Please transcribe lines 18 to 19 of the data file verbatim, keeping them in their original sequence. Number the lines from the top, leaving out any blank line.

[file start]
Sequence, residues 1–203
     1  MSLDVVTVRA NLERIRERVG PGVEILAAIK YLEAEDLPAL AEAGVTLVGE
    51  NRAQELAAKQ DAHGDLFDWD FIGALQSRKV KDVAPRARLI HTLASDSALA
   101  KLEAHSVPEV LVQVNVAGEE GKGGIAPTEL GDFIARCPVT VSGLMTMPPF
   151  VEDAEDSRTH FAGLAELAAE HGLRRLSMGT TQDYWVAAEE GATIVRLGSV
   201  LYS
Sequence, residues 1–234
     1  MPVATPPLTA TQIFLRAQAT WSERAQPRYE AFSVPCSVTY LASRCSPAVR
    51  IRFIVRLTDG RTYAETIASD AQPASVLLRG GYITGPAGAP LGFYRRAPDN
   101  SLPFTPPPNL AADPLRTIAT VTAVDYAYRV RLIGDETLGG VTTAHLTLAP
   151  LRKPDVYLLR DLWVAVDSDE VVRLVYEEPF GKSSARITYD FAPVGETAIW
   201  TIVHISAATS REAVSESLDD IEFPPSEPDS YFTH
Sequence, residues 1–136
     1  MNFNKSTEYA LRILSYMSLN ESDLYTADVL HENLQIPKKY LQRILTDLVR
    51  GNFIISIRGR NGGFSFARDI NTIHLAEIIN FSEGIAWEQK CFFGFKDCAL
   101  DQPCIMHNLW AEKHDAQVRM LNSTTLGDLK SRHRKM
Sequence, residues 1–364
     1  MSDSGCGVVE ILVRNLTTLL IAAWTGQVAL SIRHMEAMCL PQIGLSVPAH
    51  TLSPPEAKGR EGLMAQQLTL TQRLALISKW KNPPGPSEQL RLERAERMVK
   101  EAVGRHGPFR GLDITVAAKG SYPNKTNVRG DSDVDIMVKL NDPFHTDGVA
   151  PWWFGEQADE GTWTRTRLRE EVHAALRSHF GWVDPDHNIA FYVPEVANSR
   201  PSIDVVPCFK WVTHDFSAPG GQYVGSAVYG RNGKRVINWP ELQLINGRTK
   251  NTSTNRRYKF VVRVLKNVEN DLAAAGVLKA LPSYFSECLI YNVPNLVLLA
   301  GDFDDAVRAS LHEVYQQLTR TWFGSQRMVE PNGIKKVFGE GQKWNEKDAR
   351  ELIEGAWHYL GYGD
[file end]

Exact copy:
     1  MSDSGCGVVE ILVRNLTTLL IAAWTGQVAL SIRHMEAMCL PQIGLSVPAH
    51  TLSPPEAKGR EGLMAQQLTL TQRLALISKW KNPPGPSEQL RLERAERMVK